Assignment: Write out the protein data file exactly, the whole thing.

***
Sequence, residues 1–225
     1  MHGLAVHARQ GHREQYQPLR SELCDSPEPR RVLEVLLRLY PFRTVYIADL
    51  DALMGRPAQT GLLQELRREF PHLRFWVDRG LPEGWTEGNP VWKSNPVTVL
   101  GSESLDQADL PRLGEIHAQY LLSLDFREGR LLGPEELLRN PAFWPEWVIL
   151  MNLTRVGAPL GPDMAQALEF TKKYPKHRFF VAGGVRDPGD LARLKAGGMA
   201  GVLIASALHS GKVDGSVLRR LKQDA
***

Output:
Sequence, residues 1–225
     1  MHGLAVHARQ GHREQYQPLR SELCDSPEPR RVLEVLLRLY PFRTVYIADL
    51  DALMGRPAQT GLLQELRREF PHLRFWVDRG LPEGWTEGNP VWKSNPVTVL
   101  GSESLDQADL PRLGEIHAQY LLSLDFREGR LLGPEELLRN PAFWPEWVIL
   151  MNLTRVGAPL GPDMAQALEF TKKYPKHRFF VAGGVRDPGD LARLKAGGMA
   201  GVLIASALHS GKVDGSVLRR LKQDA